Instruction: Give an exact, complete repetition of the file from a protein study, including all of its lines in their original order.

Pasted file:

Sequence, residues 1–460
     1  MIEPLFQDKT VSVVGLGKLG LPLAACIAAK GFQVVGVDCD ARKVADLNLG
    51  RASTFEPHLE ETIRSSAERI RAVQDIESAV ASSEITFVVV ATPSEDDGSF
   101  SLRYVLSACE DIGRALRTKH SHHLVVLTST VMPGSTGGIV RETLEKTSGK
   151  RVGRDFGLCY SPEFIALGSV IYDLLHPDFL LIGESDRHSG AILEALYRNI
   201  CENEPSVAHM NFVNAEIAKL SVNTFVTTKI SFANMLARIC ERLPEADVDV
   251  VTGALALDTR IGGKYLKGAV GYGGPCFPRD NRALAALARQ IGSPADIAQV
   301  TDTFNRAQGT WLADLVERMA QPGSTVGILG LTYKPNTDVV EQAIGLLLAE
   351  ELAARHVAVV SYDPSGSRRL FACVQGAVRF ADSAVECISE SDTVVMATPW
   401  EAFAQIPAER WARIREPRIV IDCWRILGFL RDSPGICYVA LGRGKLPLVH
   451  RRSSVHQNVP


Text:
Sequence, residues 1–460
     1  MIEPLFQDKT VSVVGLGKLG LPLAACIAAK GFQVVGVDCD ARKVADLNLG
    51  RASTFEPHLE ETIRSSAERI RAVQDIESAV ASSEITFVVV ATPSEDDGSF
   101  SLRYVLSACE DIGRALRTKH SHHLVVLTST VMPGSTGGIV RETLEKTSGK
   151  RVGRDFGLCY SPEFIALGSV IYDLLHPDFL LIGESDRHSG AILEALYRNI
   201  CENEPSVAHM NFVNAEIAKL SVNTFVTTKI SFANMLARIC ERLPEADVDV
   251  VTGALALDTR IGGKYLKGAV GYGGPCFPRD NRALAALARQ IGSPADIAQV
   301  TDTFNRAQGT WLADLVERMA QPGSTVGILG LTYKPNTDVV EQAIGLLLAE
   351  ELAARHVAVV SYDPSGSRRL FACVQGAVRF ADSAVECISE SDTVVMATPW
   401  EAFAQIPAER WARIREPRIV IDCWRILGFL RDSPGICYVA LGRGKLPLVH
   451  RRSSVHQNVP